Syrian Opposition: Assad's Overthrow Wouldn't End Violence

Speaking to Mohammad al-Shazli, prominent Syrian opposition activist Haytham al-Manna said that the Syrian crisis must be solved politically and that a violent overthrow of the regime would only lead to more violence.

al-monitor Russian Foreign Minister Sergei Lavrov (L) shakes hands with Haytham al-Manna of Syria's National Coordination Body for Democratic Change during a meeting in Moscow, March 11, 2013. Photo by REUTERS/Maxim Shemetov.

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violence, syrian civil war, syrian opposition, syrian crisis, syrian, sectarianism, bashar al-assad

Apr 9, 2013

The head of the National Coordination Body for Democratic Change (NCC) in exile, Haytham al-Manna, said that the Syrian regime is seeking to “clone the Algerian solution” to solve the crisis in the country. He called on “friends” of the regime to pressure the regime for serious negotiations that can “rescue those whose hands haven't been stained with the blood of Syrians.”

In an interview with Al-Hayat, Manna added that the conflict could not be solved militarily. He said, “We have the choice of either the Somalization of the country or a political solution. We blame the regime for wanting to clone the Algerian solution; it will not succeed.” He added that the opposition “will not succeed in reaching a military solution.”

“Thus far, the regime has not made any progress toward serious negotiations," he said. "It is focusing on public relations and agreeing to anything it is offered. However, when it comes to implementation, there is no practical element to this approval."

Manna said he believed that without serious pressure by "friends of the regime" — such as Russia, China and Iran — on the regime for serious negotiations to rescue those whose hands haven't been stained with Syrian blood, the regime won't make "painful and necessary concessions in order to bring about democratic transition." Manna added that the regime will not transfer presidential power to a transitional government.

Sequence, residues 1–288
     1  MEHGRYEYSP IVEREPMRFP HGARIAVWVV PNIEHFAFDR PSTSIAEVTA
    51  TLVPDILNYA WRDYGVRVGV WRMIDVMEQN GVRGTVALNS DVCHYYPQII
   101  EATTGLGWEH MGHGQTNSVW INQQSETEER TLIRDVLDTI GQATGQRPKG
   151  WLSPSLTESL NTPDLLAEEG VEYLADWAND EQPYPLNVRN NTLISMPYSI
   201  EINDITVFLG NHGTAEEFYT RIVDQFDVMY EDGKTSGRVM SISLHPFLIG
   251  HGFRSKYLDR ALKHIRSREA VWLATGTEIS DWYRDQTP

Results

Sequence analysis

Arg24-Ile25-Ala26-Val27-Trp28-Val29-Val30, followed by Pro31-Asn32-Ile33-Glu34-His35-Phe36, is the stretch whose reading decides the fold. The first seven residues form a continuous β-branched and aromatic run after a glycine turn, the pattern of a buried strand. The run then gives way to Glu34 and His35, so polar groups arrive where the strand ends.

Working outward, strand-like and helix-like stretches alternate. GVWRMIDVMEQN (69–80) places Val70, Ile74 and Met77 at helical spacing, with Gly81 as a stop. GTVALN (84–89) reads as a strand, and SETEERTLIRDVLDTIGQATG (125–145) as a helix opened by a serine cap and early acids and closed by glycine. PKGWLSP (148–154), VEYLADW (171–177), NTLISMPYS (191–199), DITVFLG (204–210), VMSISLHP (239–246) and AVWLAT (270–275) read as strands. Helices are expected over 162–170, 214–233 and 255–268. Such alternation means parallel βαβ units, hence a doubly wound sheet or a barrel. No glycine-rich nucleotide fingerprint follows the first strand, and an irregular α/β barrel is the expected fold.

He said that a political solution means that parliamentary and democratic institutions must start working. Manna noted that Syria “needs 20 years to get rid of the problems caused by the cult of personality and the dictatorial regime.” Manna called on all parties that care about the Syrian people to stop supplying arms to any party. He explained that, according to American analysis, the regime can survive for another two years and that “the problem is that we've put the state and the regime in one box.”

Manna noted that army defections were decreasing, amid growing fears on the part of minorities due to the militancy and the “Islamization” of the opposition, a reference to the growing influence of the Muslim Brotherhood.

Manna said in response to a question: “I am convinced that the departure of President Bashar al-Assad would not spell the end of violence in Syria,” pointing out that “his violent overthrow will only lead to further violence.”

Manna said it is important that the joint UN-Arab League envoy continues with his mission. “At any negotiating stage we need a safety valve, and Lakhdar Brahimi represents this safety valve. We must keep him in place until the moment when he can act as mediator and as a person capable of intervening." Manna stressed that “Brahimi should not resign before this moment.”

Manna blamed both the government and the opposition for the current situation in Syria and the “spread of a dark atmosphere.”

“Everyone is currently contributing to the spread of this dark atmosphere at all levels of the situation in Syria,” he said, pointing out that the authorities “do not recognize the usefulness or benefit of any political development, but are rather clinging to the military security solution.”

He also pointed out that the opposition includes a group that “believes in the virtue of victory, and that victory is possible if they can avoid the weaknesses experienced by the armed movement over the past year and a half.” He added that “the political opposition has never been through a worse situation.”

He said the dialogue between the NCC and the Syrian National Coalition was between individuals, not an institutionalized dialogue, pointing to the fact that some forces from outside the coalition were present. He said the Brotherhood will not give up its privileges, and explained that “there have been no serious proposals on the part of the coalition; they have only offered a few seats within the coalition to other opposition forces that are not part of it.”

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